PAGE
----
Set in the sandy bed of a striking red wadi, the city of al-Ula provides insight into the history of the surrounding region before the Nabataeans’ rise to prominence in neighboring Mada’in Saleh. Inhabited as early as 500 BCE, modern al-Ula was once a stopping point on the spice trade route between modern-day Yemen and Egypt. Around 400 BCE, the city became part of the Lihyanite kingdom, serving as its capital. Known in antiquity as Dedan, the city is mentioned multiple times in the Bible as a significant trade city in the region.

As the Nabataeans began to gain influence in the surrounding region, Dedan and the Lihyanite Kingdom waned; however, modern al-Ula contains many remnants of this little-known period in the city’s history. The walled Old City of al-Ula, though largely rebuilt in the last few centuries, still utilizes many of the original mud bricks used to build the Lihyanite structures that once stood on the same site. Nearby, the winding staircase of Um al-Daraj (mother of stairs in Arabic) leads up a hill to an ancient Lihyanite altar overlooking the surrounding town and desert scenery.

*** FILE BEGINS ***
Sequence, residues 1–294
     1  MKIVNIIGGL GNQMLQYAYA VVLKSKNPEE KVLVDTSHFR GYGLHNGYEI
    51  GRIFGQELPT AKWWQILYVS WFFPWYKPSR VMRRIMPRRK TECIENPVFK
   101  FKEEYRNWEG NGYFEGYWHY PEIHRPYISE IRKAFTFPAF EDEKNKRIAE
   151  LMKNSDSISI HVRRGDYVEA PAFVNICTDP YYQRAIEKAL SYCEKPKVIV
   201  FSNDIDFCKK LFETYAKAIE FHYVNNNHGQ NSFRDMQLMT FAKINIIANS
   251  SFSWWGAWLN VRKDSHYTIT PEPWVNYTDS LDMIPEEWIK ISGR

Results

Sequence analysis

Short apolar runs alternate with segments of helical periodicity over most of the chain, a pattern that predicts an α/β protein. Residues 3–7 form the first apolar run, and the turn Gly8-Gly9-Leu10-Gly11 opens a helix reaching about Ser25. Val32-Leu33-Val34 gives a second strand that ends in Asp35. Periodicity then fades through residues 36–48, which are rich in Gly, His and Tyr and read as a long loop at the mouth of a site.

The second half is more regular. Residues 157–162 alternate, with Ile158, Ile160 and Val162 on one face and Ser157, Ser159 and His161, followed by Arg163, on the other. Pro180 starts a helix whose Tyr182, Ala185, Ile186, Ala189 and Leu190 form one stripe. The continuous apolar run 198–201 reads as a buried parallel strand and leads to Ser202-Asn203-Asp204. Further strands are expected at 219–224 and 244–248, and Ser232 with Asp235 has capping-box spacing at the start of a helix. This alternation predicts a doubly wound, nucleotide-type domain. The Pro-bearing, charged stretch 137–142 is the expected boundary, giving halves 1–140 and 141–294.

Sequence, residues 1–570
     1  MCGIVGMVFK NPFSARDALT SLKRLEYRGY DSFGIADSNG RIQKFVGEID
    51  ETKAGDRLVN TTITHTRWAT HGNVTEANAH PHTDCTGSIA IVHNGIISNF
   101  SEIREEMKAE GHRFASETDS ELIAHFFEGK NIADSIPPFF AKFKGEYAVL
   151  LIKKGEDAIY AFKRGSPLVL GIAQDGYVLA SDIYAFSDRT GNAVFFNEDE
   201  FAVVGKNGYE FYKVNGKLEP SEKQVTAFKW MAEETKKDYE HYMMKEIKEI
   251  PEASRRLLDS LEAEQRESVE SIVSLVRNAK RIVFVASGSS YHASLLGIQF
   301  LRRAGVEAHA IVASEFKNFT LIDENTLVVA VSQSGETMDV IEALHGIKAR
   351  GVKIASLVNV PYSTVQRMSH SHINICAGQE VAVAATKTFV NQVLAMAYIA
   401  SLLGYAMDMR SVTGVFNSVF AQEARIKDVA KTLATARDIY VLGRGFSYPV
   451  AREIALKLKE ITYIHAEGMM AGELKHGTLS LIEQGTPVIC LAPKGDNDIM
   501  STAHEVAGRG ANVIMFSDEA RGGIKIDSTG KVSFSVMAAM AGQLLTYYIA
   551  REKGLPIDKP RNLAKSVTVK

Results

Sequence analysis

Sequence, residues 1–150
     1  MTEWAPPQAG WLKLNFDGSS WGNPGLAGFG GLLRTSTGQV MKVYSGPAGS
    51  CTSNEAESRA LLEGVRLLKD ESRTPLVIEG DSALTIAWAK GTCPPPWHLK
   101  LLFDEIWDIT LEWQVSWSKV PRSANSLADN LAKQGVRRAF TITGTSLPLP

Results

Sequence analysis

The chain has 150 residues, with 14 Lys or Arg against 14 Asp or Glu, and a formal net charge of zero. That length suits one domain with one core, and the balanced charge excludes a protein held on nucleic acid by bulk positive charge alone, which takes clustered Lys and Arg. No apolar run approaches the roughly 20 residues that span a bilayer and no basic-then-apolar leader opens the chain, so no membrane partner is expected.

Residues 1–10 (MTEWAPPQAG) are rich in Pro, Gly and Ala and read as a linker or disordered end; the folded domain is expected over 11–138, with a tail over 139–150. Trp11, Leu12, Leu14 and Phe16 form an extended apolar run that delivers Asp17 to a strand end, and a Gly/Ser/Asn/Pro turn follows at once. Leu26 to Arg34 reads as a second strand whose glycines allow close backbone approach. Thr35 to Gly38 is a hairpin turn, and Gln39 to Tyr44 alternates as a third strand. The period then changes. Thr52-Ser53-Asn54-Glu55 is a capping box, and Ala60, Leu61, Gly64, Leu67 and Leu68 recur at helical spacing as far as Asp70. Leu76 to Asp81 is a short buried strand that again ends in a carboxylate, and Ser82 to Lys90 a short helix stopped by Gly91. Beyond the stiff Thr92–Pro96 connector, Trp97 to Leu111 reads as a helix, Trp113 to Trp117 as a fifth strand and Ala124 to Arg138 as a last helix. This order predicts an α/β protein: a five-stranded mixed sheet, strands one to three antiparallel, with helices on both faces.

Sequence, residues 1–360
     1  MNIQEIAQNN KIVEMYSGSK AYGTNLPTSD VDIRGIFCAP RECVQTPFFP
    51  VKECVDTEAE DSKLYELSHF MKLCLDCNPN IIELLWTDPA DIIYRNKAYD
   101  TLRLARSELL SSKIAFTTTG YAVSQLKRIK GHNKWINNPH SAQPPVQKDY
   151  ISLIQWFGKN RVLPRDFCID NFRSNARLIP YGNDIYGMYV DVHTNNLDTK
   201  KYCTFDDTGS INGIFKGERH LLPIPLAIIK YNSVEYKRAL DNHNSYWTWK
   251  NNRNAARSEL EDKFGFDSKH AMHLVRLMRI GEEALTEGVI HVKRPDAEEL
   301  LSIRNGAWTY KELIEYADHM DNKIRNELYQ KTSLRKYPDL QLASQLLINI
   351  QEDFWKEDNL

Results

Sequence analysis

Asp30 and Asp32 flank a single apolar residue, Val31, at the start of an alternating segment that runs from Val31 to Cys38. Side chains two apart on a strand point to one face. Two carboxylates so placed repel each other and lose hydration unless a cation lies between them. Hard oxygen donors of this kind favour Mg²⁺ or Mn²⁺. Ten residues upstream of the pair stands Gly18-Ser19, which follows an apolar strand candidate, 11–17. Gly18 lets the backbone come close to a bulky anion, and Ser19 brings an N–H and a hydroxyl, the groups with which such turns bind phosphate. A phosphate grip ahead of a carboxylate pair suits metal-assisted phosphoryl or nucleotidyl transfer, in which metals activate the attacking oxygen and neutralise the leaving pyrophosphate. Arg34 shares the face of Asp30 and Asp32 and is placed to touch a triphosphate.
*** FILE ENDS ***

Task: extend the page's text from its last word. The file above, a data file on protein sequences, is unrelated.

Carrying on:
At a later point in al-Ula’s history, the Ottomans constructed a major station along the Hejaz Railway in al-Ula. The steady stream of foreign pilgrims visiting the town influenced its character notably: local travelers often comment on the abundance of two-story houses, an architectural style brought in by pilgrims and not found elsewhere in the region.

Along the Abraham Path in the:

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